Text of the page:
The Office of the U.S. Trade Representative released a report saying that as of October 23, 2020, China has purchased $23 billion in agricultural products, approximately 71% of its Phase 1 trade deal target. This quickly drew some criticism because it counted the commitments and pre-orders the same way as actual purchases. Chad Bown, Peterson Institute of International Economics, argues that the actual purchases as of September only represented about 40%, not 70%, of total agricultural purchase commitments. However, the USTR number shows that both countries are eager to push forward this politically-significant trade deal. In other words, both countries realize the paramount importance of healthy US-China agricultural trade relations especially when other parts of bilateral relations have deteriorated.

China’s significance is also elevated due to the economic challenges of other US trading partners during the pandemic. Many other major US partners such as Mexico, Europe, and India are still experiencing rising COVID-19 infections and suffering from major economic shocks, which could limit their ability to boost purchases of US agricultural products in the latter half of 2020. Even though China’s total imports as of September 2020 are just comparable with the 2017 levels, rather than substantially higher, the recent momentum offers more hope for a strong US-China agricultural trade despite the pandemic.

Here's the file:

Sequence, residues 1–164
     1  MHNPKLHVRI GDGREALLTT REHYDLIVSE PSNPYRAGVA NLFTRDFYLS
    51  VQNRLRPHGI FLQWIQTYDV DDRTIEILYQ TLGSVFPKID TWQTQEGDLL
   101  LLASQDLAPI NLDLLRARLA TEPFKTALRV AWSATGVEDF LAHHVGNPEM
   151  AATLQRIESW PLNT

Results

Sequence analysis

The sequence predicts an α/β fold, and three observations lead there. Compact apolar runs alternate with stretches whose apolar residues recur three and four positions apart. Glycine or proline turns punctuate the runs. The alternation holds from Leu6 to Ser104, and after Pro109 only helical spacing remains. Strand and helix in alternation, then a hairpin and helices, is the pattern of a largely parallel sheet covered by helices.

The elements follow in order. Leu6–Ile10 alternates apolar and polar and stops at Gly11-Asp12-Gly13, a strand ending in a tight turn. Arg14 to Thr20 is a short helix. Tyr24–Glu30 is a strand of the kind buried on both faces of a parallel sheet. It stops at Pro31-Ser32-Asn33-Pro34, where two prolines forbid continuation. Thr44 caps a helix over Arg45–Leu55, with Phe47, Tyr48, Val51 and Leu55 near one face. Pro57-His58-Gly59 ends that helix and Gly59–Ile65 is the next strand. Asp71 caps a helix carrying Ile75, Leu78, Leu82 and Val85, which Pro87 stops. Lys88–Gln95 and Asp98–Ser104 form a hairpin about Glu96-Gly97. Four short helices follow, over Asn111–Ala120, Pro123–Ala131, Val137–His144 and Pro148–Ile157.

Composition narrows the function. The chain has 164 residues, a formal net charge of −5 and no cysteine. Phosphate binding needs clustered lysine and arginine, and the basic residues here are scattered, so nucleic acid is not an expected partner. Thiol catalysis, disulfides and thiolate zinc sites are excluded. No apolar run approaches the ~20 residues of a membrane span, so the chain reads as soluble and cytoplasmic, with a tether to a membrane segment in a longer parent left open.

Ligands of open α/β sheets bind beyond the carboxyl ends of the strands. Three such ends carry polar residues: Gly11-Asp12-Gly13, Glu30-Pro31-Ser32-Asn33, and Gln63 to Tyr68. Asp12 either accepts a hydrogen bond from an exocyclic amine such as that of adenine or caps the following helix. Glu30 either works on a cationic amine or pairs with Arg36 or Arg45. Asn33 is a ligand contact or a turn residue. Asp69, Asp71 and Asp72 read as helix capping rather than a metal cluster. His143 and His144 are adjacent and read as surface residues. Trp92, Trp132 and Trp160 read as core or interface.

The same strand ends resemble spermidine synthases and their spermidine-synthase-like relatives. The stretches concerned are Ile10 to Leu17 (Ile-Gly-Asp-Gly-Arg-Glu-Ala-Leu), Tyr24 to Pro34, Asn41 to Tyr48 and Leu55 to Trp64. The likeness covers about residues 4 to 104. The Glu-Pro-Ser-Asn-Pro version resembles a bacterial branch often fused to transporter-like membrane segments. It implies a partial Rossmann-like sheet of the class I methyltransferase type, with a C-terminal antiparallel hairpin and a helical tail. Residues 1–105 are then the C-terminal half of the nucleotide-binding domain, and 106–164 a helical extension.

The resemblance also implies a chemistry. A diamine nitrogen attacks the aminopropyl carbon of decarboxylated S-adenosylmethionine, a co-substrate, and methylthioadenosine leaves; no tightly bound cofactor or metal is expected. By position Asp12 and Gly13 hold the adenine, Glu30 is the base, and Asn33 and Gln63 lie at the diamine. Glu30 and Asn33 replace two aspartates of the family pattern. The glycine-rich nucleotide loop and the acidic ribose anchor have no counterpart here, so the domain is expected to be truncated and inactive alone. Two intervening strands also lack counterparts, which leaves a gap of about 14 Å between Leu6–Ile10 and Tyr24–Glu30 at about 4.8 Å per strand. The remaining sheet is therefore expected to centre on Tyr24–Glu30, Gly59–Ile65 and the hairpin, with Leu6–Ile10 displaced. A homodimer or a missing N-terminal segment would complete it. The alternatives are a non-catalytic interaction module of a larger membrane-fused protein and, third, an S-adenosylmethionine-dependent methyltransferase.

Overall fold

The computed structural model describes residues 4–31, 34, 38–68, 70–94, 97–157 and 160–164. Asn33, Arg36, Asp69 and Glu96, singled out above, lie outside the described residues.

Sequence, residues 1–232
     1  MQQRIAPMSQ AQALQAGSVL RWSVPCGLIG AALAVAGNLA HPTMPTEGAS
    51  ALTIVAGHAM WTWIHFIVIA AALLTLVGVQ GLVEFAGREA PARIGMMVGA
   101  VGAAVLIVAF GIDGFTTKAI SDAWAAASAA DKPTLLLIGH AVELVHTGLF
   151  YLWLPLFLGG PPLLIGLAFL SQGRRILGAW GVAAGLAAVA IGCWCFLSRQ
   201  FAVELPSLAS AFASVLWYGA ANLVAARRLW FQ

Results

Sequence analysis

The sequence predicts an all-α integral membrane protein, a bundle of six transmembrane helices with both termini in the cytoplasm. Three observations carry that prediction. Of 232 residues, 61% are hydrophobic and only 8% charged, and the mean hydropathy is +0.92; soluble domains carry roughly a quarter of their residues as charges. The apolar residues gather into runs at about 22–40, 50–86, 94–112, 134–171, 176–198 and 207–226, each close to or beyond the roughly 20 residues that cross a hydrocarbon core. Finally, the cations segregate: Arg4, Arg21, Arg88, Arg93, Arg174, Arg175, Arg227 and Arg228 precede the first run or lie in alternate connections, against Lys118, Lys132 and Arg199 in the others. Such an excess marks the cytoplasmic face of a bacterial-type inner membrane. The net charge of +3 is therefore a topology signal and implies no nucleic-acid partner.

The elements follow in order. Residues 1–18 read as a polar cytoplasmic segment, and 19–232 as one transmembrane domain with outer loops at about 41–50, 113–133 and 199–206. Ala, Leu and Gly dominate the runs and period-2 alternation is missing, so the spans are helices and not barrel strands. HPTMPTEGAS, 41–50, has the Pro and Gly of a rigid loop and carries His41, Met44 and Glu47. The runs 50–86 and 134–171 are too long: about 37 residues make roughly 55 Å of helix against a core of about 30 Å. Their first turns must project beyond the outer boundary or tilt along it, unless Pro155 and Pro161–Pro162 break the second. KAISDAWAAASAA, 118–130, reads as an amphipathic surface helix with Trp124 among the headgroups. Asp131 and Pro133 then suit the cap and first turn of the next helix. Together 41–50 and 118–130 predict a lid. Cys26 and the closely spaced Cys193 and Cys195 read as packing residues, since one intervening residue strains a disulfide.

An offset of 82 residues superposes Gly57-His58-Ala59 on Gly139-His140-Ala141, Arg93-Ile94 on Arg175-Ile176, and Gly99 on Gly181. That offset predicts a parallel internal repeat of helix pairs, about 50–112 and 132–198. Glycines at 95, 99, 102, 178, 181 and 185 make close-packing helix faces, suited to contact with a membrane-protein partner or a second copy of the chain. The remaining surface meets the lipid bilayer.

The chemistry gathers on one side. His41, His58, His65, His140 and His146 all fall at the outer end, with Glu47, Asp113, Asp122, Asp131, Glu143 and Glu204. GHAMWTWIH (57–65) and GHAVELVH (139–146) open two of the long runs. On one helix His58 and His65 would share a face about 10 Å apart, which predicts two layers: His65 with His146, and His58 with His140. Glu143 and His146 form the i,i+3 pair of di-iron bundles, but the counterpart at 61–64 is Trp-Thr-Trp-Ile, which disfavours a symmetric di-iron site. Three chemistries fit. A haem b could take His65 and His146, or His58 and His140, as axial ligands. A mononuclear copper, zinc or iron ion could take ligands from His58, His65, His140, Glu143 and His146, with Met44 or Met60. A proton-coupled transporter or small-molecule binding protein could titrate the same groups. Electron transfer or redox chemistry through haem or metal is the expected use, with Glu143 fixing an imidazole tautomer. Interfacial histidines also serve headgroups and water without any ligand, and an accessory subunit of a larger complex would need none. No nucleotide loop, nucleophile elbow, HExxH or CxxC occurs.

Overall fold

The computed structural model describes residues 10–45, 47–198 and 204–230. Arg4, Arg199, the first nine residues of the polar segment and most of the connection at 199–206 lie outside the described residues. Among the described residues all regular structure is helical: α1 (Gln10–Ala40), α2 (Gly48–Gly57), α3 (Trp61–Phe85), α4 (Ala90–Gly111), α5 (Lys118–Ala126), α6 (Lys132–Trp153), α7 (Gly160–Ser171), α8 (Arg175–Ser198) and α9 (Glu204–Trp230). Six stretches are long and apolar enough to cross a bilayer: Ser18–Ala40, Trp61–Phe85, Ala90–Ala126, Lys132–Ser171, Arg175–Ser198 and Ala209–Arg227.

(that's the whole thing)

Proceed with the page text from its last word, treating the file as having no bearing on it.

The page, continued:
A more balanced trade portfolio
In 2017, China’s total agricultural imports exceeded $140 billion; however, the United States only accounted for very small fractions of China’s meat, seafood, and retail food product demand (He, et al. 2020). The Phase 1 deal offers an opportunity for both countries to move away from agricultural trade dominated by feed grains, especially soybeans, to a more balanced portfolio with long-term growth in US meat, seafood, and retail food product exports to China (Zhang 2020a).